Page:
Tag Archives: Michael Grandage

The Lieutenant of Inishmore – 4 Stars


The Lieutenant of Inishmore

Noël Coward Theatre

Reviewed – 5th July 2018


“… many hilarious scenes, played out with brittle but unbreakable comic timing by Aidan Turner”


When “The Lieutenant of Inishmore” premiered in 2001 it was considered quite dangerously close to the bone. The peace agreement was only three years old and Martin McDonagh’s dark play struck a chord. Michael Grandage’s revival, at a time when the Troubles seem assigned to history, has lost none of the urgency. If anything, its resonance is more acute than ever in today’s climate.

At its centre, after one has waded through the blood and gore, is the story of Mad Padraic, a terrorist so brutal he’s been thrown out of the IRA. He’s certainly done the rounds – tortured drug dealers, bombed chip shops and drawn up his own list of ‘valid targets’ (a phrase often used by the IRA to justify its murders). Yet, he has a soft spot for his cat, ‘Wee Thomas’. The first time we meet Padraic he is pulling off the toenails of small time crook James (Brian Martin) whose crime is selling marijuana to schoolkids. Interrupted by a phone call from his dad to tell him his beloved cat is sick, he races home to Inishmore to comfort the creature. This is one of many hilarious scenes, played out with brittle but unbreakable comic timing by Aidan Turner. Wearing a blood spattered white vest throughout, his appetite for firing bullets matches the quick-fire delivery of McDonagh’s dialogue.

At times verging on farce, the play is an obvious satirical attack on Irish terrorism that still has bite twenty years after the Good Friday agreement. McDonagh gets to the heart of the issue while being careful to criticise both sides: many of the jokes, at the expense of the IRA, refer to actual atrocities, yet he also refers to Bloody Sunday in which the British Army opened fire on a Civil Rights march, killing over a dozen unarmed civilians. But far from belittling historical fact, turning it into comedy is a far more effective way of urging an audience to question the issues raised.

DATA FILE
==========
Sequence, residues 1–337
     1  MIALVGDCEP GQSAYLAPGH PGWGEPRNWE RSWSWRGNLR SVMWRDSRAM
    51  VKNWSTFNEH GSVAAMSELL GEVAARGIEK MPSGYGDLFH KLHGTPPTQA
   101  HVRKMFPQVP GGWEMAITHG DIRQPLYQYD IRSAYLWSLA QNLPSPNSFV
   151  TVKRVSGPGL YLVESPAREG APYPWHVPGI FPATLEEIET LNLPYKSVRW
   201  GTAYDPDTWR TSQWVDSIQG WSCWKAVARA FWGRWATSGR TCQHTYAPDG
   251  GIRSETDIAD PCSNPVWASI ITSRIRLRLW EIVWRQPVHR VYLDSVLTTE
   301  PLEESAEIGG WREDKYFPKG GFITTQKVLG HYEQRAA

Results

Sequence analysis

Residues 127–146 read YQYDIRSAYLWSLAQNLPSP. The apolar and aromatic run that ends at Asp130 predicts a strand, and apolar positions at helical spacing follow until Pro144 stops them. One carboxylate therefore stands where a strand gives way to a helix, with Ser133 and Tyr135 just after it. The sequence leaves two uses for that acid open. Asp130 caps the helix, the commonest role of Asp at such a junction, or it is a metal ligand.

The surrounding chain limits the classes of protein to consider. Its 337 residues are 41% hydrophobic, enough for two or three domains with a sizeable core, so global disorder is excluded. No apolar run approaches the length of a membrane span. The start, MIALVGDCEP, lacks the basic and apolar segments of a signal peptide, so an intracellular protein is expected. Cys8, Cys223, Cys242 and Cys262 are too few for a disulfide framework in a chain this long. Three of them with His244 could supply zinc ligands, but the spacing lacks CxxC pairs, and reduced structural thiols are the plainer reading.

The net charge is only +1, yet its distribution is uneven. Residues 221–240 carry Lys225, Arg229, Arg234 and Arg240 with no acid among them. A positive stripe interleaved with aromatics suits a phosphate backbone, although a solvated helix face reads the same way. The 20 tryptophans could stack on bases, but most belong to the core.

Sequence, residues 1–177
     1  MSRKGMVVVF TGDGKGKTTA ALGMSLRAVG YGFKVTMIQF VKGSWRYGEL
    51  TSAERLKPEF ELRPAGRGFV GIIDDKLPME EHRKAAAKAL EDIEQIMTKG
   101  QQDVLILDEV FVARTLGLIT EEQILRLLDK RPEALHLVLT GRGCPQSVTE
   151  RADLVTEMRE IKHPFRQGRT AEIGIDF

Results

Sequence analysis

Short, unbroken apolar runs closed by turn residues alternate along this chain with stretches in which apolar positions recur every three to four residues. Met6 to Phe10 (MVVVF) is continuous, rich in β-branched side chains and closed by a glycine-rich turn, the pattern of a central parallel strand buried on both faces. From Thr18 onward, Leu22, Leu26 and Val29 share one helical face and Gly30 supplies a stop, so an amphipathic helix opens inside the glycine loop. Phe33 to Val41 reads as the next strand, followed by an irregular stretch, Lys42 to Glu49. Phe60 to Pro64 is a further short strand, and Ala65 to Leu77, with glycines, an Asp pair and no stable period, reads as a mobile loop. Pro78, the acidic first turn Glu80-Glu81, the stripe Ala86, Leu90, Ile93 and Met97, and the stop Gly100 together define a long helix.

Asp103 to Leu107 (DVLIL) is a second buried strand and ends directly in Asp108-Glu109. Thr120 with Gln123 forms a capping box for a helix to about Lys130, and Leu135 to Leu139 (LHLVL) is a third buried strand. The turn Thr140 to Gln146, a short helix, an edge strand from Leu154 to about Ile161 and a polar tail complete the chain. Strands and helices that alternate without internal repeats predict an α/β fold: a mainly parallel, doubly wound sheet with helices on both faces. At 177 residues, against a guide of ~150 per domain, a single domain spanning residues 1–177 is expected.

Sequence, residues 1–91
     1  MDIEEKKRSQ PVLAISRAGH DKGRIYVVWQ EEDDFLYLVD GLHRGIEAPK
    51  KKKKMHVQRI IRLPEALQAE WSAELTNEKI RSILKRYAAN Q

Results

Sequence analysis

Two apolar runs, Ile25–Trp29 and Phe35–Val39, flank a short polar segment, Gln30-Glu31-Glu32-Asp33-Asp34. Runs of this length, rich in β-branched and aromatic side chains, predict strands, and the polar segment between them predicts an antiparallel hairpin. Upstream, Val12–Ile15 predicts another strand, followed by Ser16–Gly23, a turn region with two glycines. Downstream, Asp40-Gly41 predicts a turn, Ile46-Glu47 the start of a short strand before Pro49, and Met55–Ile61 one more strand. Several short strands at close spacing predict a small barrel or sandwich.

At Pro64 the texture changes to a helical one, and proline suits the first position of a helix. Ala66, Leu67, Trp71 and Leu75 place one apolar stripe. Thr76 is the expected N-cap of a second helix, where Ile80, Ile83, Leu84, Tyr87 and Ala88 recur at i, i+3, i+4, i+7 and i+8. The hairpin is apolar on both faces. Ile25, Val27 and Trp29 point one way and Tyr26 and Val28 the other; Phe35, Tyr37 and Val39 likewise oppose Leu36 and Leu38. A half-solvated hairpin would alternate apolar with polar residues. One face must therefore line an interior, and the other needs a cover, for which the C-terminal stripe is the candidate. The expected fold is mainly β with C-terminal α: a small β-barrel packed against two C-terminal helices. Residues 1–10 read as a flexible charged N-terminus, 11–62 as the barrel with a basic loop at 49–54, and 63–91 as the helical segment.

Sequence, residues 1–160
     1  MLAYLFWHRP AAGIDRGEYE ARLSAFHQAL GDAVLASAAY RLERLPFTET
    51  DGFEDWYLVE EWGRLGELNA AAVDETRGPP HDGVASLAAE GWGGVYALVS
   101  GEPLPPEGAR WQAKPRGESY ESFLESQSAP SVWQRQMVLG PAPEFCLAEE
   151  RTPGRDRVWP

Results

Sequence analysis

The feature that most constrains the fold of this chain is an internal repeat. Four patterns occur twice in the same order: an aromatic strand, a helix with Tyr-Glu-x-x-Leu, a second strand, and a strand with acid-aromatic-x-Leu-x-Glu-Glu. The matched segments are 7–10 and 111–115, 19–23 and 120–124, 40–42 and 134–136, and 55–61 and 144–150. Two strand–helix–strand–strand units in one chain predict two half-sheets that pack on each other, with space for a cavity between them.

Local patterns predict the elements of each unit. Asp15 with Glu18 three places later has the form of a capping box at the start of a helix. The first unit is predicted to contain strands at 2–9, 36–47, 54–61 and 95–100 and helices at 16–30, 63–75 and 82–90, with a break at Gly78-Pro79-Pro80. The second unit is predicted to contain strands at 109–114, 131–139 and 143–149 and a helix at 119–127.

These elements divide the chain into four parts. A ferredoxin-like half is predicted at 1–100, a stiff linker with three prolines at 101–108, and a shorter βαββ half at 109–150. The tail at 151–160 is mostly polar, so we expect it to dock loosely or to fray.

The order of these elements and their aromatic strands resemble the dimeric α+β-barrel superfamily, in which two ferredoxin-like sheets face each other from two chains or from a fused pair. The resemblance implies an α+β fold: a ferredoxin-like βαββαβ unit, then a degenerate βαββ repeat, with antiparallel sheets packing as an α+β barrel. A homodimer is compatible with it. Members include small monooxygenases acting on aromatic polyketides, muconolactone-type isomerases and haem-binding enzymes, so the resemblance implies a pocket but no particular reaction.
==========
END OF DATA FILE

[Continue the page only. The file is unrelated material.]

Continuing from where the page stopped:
The comic and the horrific are perfectly balanced in Grandage’s production. It is Pythonesque to the extreme as the laughs pile up thicker than the blood and guts on stage. The blood is thicker than the plot, though. However, there is a comforting predictability to events which lets the audience relax and enjoy the performances. It is no spoiler to reveal that Padraic’s cat is not just sick, but stone-cold dead. Fearful of the reaction this would spark, the comic duo of Donny and Davey (Denis Conway and Chris Walley) try to replace it with another cat, smearing it with boot polish to disguise it as the real thing. This, more than any political ideal, is what precipitates the chaos and Padraic’s trigger-happy finger.

Far from being a vehicle for Turner, this is an ensemble piece with equally strong performances from the supporting cast (not quite upstaged by the dead cats), especially Charlie Murphy as the love interest who lends a spirited, gamine lunacy to her character. Will Irvine, Julian Moore-Cook and Daryl McCormack, as the homicidal gunmen intent on annihilating Padraic, are wonderfully absurd, recalling the Marx Brothers trio while arguing over the accuracy of Karl Marx quotes.